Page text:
EURING ringing recoveries from potential breeding and non-breeding grounds also suggest a somewhat high migratory spread, as individuals from Sub-Saharan West and Central Africa bred across Europe (Fig 4A); individuals wintering at more western sites, however, breed in western-central Europe, e.g. individuals from Senegal, The Gambia, and Burkina Faso were detected in the UK, Belgium and Denmark, while individuals from central Africa, e.g. Nigeria, Chad, and Sudan, were detected further east, in northern, central, and eastern Europe, e.g. Sweden, Slovakia, Latvia, and Finland. Additionally, many individuals were detected in North Africa during spring and autumn migrations (Fig 4B). A high density of individuals from more western breeding populations seem to cross via the Strait of Gibraltar during both migrations. More eastern breeding populations, however, seem more likely to shift migratory routes depending on the season, crossing through the middle of the Mediterranean Sea in spring and favouring crossing via Egypt during autumn.

Fig 4. Common Whitethroats detected in both Europe and Africa.

Dots represent sites where individuals were ringed and/or recaptured and lines are the most direct route between them and do not reflect migratory routes. Map A) shows 31 individuals detected in Europe and Sub-Saharan Africa. Gray dots and lines are data collected from EURING (n = 25) and black dots and lines represent information collected in this study through geolocators (n = 6). Note that for the EURING data we cannot be certain whether sites in Sub-Saharan Africa represent final wintering locations or whether European sites are breeding sites. Map B) shows information from 96 individuals that were detected in Europe and North Africa collected through EURING. Colours represent the seasonal migration when individuals were detected in North Africa, red = autumn migration (August–December) and blue = spring migration (January–July).

Migratory behaviour

All individuals carried out stopovers during active migration. The number of stopovers was similar during spring and autumn migration (mean spring = 2.8; mean autumn = 2.6). In spring, the duration of the first stopover was significantly longer compared to the rest (paired t-test: t = 4.6, df = 4, p = .01). Similar results were obtained in autumn (paired t-test: t = 3, df = 3, p = .06), though were not significant at p < .05. When comparing the duration of stopovers according to their geographic location in spring, birds undertook longer stopovers at the pre-Sahara/Sahel locations compared to sites in the pre-Mediterranean and Europe (F(2,14) = 6.1, p = .01) (Fig 5). In autumn, however, the duration spent at stopovers did not vary according to geographic location (F(2,10) = 1.2, p = .34) (Fig 5). Statistical power is limited by sample size but the number of stopovers during autumn migration was strongly related to departure date from breeding grounds (F(1,3) = 149.8, p = .001): individuals that departed earlier from breeding grounds had more stopovers than later-departing individuals (Fig 6). A similar trend was found during spring migration (F(1,4) = 4.5, p = .1). Whitethroats covered > 4,000 km, and actively migrated for an average of 9.3 days (± 5.2 SD), leading to an estimated average migration rate of 690 km/day (± 277 SD; distance/flying duration).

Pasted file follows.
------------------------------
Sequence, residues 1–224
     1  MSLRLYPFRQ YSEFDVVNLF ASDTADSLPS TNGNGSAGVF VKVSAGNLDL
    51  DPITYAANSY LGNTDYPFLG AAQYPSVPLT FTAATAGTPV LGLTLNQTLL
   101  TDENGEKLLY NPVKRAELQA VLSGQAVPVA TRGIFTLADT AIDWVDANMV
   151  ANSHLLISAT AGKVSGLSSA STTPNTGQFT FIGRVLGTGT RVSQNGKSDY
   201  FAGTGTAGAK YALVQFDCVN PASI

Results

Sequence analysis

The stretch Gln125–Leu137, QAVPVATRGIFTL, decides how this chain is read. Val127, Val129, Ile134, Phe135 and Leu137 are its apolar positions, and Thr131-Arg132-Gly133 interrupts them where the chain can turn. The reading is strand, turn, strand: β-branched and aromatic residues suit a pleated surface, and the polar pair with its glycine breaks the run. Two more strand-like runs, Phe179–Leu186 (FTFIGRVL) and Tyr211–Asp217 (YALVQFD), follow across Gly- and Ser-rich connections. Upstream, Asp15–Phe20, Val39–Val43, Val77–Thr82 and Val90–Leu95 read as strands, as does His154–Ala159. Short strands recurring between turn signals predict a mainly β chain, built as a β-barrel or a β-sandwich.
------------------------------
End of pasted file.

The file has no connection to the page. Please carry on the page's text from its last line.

Fig 5. Days spent at stopovers located in different geographic locations during spring and autumn migration.

In spring, blue/bottom = pre-Sahara (stopovers before the Sahara Desert), yellow/middle = pre-Mediterranean (stopovers in North Africa) and green/top = Europe (stopovers in Europe before arriving at breeding grounds). In autumn, gray/top = Europe (stopovers in Europe after leaving breeding grounds), red/middle = pre-Mediterranean (stopovers in southern Europe, before crossing the Mediterranean Sea) and purple/bottom = post-Mediterranean (stopovers in North Africa). The direction of arrows represents the direction of migration.

Fig 6. The number of stopovers in relation to spring and autumn departure dates.

The lines show the estimates for the effect of departure dates on number of stopovers, and gray areas reflect the 95% confidence intervals for the estimates.

Statistical power is again limited in all cases but the distance travelled between APLORI and the breeding grounds during spring did not appear to correlate with the number of stopovers (F(1,4) = 0.6, p = .50), duration of spring migration (F(1,4) = 0.03, p = .87), departure date from APLORI (F(1,4) = 0.7, p = .45) or mean duration of stopovers (F(1,4) = 0.4, p = .57). Similar results were obtained during autumn migration: the distance between breeding grounds and first wintering sites did not correlate with the number of stopovers (F(1,3) = 2.8, p = .19), duration of autumn migration (F(1,3) = 1.6, p = .30), departure dates from breeding grounds (F(1,3) = 2.3, p = .23) and mean duration of stopovers (F(1,3) = 0.01, p = .91).

Differences between spring and autumn migration

Paired t-tests reported no statistical differences in the mean number of stationary days, days of active migration, longest staging period, or number of stopover sites between spring and autumn migration (Table 1). However, distance travelled was significantly greater and speed was faster during spring migration (Table 1). Arrival dates did not correlate with departure dates in either spring (Pearson correlation coefficient (r) = -0.2, t = -0.4, df = 4, p = .68) or autumn (Pearson correlation coefficient (r) = 0.7, t = 1.9, df = 3, p = .15). Autumn migration was overall longer in duration than spring migration (Table 2). Similarly, there was a strong negative linear effect between the timing of departure from breeding or final wintering grounds and duration of migration: birds that migrated earlier undertook longer migrations (Table 2).